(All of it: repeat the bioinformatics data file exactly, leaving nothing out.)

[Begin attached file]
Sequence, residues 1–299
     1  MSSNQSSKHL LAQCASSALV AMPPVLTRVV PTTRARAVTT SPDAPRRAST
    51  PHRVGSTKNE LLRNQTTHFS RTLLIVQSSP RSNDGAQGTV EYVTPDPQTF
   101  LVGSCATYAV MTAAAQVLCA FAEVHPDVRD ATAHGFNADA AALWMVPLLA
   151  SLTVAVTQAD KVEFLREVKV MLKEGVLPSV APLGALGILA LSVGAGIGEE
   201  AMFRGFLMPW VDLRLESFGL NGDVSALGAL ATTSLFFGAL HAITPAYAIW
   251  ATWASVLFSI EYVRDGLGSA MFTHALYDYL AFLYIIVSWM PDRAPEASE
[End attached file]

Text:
Sequence, residues 1–299
     1  MSSNQSSKHL LAQCASSALV AMPPVLTRVV PTTRARAVTT SPDAPRRAST
    51  PHRVGSTKNE LLRNQTTHFS RTLLIVQSSP RSNDGAQGTV EYVTPDPQTF
   101  LVGSCATYAV MTAAAQVLCA FAEVHPDVRD ATAHGFNADA AALWMVPLLA
   151  SLTVAVTQAD KVEFLREVKV MLKEGVLPSV APLGALGILA LSVGAGIGEE
   201  AMFRGFLMPW VDLRLESFGL NGDVSALGAL ATTSLFFGAL HAITPAYAIW
   251  ATWASVLFSI EYVRDGLGSA MFTHALYDYL AFLYIIVSWM PDRAPEASE